Oil price hits 2016 high at $47

Global benchmark, Brent crude, on Wednesday traded around $47 per barrel, its highest level this year, buoyed up by news of falling output and a weakening United States dollar.
Brent, against which Nigeria’s oil is priced, later fell to $46.47 per barrel, after earlier hitting a year-to-date high of $47.05.
The international benchmark has risen by nearly 20 per cent in April, its largest one month gain for the past 12 months.
President Muhammadu Buhari had proposed $38 per barrel as benchmark oil price for this year’s budget, which was recently approved by the National Assembly.
There were fears two weeks ago that a sustained price rally, after almost two years of decline, would be damaged by the failure of the major oil producers to agree to limit oil production at Doha, Qatar, on April 17.
The Head of Energy Research, Ecobank Capital, Mr. Dolapo Oni, said in a telephone interview said “It is a welcome development that oil prices are recovering. But what we need to pay attention to is the fundamental in terms of supply and demand; that has not changed much.
“What has caused this particular spike is the shutdown of some fields in Saudi Arabia and Kuwait. Nigeria is also having some production challenges; so, we have also lost some barrels. The third major factor is that there is a likelihood that the US Fed is not going to hike interest rate this April as expected. So, the dollar is going to weaken.”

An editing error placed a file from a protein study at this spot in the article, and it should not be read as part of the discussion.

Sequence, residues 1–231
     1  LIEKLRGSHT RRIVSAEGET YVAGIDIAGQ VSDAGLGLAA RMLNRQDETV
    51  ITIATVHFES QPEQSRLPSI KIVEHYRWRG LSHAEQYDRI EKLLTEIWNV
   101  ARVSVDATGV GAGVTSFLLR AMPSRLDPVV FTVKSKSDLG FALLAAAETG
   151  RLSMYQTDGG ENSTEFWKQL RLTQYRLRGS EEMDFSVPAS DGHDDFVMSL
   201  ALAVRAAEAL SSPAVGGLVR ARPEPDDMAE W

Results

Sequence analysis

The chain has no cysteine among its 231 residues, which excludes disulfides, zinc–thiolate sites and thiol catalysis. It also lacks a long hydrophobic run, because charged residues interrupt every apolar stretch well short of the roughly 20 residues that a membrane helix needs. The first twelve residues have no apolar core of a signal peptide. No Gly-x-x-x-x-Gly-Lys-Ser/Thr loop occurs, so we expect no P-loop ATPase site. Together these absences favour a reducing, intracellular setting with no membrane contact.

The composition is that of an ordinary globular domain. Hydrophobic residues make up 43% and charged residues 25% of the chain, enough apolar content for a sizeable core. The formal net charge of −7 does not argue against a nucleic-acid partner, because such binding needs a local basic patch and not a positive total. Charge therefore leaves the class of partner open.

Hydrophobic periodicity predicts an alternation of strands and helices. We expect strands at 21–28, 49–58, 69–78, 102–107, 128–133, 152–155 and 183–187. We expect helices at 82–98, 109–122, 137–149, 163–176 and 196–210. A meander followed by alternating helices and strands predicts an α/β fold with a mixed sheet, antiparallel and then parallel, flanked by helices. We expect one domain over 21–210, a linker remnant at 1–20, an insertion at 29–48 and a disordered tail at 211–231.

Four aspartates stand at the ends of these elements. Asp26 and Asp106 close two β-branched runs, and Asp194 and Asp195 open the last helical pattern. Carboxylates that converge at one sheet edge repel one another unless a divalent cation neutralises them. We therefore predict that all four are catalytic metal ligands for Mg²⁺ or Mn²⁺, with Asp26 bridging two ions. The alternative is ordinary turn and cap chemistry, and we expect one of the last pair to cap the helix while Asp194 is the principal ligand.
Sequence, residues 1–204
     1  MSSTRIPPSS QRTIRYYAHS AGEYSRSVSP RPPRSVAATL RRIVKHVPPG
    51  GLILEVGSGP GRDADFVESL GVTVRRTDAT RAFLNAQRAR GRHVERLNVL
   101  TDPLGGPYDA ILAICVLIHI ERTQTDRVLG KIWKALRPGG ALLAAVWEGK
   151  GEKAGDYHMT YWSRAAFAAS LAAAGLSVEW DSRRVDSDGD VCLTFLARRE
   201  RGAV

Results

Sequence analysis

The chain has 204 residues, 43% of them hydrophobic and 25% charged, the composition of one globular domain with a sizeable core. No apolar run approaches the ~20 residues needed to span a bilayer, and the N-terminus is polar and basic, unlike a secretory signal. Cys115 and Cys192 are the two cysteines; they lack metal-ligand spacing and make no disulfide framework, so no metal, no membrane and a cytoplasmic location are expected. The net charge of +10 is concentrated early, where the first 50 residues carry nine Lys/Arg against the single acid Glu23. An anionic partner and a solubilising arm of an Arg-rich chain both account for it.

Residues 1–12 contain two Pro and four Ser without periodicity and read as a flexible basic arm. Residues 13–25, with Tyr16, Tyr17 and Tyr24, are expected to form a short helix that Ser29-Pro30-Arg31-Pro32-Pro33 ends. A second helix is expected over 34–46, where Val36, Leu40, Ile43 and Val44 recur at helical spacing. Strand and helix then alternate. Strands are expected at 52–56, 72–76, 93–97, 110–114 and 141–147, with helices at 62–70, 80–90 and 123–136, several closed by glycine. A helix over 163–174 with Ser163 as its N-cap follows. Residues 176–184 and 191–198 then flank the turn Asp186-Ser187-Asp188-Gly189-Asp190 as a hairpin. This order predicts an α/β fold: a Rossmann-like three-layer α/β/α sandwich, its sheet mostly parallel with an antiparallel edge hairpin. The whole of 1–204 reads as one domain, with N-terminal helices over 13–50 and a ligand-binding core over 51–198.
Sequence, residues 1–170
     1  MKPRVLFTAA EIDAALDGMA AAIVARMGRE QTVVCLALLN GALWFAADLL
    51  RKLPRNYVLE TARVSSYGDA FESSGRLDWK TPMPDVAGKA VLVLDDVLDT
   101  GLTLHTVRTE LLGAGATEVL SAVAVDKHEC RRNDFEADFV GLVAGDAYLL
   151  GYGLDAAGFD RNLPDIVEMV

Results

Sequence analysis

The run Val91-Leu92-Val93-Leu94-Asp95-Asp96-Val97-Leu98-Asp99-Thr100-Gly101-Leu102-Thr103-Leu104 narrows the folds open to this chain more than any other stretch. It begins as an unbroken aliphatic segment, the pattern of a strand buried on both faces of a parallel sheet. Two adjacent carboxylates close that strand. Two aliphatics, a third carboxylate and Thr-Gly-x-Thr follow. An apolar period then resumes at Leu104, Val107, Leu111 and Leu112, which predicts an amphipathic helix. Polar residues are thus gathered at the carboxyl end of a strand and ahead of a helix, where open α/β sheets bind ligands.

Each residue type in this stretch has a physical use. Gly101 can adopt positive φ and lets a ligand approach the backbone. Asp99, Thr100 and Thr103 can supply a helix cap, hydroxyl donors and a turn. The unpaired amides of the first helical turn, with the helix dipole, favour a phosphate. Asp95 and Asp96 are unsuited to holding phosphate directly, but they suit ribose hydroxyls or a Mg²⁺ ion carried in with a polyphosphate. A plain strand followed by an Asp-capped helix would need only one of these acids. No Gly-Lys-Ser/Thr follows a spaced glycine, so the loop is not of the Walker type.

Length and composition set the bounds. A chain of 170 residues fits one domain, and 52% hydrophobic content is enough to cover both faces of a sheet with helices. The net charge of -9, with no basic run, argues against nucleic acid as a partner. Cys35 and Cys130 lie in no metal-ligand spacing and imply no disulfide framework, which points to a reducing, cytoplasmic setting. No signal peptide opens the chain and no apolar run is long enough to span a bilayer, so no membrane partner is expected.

Oni said the price might fall below the $40 per barrel mark when Nigeria’s Forcados and Brass River terminals and the shut oil fields in Saudi Arabia and Kuwait are reopened.
“It is good for Nigeria that prices are currently above $40. Our budget is benchmarked on $38, which is good. It means we should be having some money going into the Excess Crude Account. But unfortunately, production is low; so, we may not have any accretion to the account,” he explained.
The dollar has continued to weaken against other currencies, having dropped by five per cent this year. Oil futures are priced in dollars, so a weaker dollar encourages non-US investors to buy.
On Monday, the World Bank said amid improving market sentiment and a weakening dollar, it had raised its 2016 forecast for crude oil prices to $41 per barrel from $37 per barrel in its latest Commodity Markets Outlook, as an oversupply in markets was expected to recede.
It noted that the crude oil market rebounded from a low of $25 per barrel in mid-January to $40 per barrel in April following production disruptions in Iraq and Nigeria, and a decline in non-Organisation of Petroleum Exporting Countries’ production, mainly US shale.